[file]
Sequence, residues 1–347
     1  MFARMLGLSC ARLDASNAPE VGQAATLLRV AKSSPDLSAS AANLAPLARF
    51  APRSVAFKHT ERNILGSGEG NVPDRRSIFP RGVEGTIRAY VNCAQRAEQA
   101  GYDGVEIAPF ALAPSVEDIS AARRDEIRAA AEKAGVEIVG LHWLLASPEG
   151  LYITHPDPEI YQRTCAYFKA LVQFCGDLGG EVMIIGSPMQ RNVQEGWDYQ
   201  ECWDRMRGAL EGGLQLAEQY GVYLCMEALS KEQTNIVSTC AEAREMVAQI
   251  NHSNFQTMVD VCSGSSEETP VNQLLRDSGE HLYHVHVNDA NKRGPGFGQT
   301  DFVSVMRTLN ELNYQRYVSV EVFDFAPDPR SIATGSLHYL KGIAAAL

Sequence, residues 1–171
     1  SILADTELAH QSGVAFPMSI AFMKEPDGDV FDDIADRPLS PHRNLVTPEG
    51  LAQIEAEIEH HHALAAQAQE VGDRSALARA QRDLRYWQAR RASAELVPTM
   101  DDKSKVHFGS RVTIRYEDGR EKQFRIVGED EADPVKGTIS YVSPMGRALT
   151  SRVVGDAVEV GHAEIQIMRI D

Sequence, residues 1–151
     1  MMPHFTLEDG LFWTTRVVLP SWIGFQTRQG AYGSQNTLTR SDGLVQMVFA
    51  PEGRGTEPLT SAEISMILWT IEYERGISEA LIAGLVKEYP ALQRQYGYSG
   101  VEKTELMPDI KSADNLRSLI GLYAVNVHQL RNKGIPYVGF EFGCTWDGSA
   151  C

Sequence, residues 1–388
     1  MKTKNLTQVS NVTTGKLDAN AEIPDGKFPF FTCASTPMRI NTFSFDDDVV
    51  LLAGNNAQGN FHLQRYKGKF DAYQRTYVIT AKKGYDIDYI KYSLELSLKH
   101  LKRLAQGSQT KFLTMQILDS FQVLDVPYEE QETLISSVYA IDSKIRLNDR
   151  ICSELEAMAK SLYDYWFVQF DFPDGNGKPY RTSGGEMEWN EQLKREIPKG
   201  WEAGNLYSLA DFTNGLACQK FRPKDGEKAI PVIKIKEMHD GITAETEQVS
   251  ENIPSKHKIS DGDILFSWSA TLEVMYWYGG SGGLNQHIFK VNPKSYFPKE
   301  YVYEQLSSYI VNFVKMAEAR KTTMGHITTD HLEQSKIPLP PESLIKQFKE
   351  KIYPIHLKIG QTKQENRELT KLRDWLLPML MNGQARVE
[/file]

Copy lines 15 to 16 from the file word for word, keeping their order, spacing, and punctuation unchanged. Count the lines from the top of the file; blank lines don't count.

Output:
     1  MMPHFTLEDG LFWTTRVVLP SWIGFQTRQG AYGSQNTLTR SDGLVQMVFA
    51  PEGRGTEPLT SAEISMILWT IEYERGISEA LIAGLVKEYP ALQRQYGYSG